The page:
Regardless of the impacts associated with the siting of infrastructure within low-income or marginalized communities, participation and representation in the decision-making process surrounding the siting of energy infrastructure is a major tenet of energy justice. Many states have been pursuing legislation that promotes community participation or the consideration of energy justice issues during energy facility siting decisions.

Some states, such as New York, have established councils or task forces aimed at including energy justice and other equity issues in decisions surrounding the state’s energy transition. The state’s Climate Justice Working Group is comprised of representatives from “environmental justice communities” that advise the state regarding the economic and environmental impacts of the state’s transition to clean energy, including clean energy development, energy efficiency programs and low-income energy assistance.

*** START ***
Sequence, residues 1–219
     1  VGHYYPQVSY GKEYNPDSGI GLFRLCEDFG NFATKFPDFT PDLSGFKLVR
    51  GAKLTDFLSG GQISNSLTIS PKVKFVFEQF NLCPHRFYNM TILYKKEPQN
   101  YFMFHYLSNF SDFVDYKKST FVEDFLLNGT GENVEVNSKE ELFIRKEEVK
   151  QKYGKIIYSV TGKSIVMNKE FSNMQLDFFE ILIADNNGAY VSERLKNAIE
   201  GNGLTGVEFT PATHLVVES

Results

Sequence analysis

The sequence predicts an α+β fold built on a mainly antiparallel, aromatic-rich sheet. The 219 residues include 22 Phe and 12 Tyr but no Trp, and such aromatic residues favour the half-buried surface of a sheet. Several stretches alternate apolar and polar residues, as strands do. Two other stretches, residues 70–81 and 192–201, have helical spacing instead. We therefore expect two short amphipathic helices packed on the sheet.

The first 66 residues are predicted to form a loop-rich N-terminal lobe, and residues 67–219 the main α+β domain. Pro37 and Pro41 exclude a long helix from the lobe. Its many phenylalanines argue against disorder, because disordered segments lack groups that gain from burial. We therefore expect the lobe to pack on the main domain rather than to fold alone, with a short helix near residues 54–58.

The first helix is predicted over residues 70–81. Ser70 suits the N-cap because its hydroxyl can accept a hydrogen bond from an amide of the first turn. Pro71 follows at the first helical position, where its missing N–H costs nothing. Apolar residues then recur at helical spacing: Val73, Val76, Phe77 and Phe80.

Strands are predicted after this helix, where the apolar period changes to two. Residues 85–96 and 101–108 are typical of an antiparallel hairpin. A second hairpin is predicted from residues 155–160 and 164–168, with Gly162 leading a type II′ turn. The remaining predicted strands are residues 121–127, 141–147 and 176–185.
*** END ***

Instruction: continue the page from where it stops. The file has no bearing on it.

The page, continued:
New Jersey enacted SB 232 in 2020 to require the state’s Department of Environmental Protection to evaluate environmental and public health stressors for “overburdened communities” when issuing permits or licenses for regulated activities and facilities. Applicants must submit an environmental justice impact statement for any new or expanded facility, which would include certain energy facilities and infrastructure.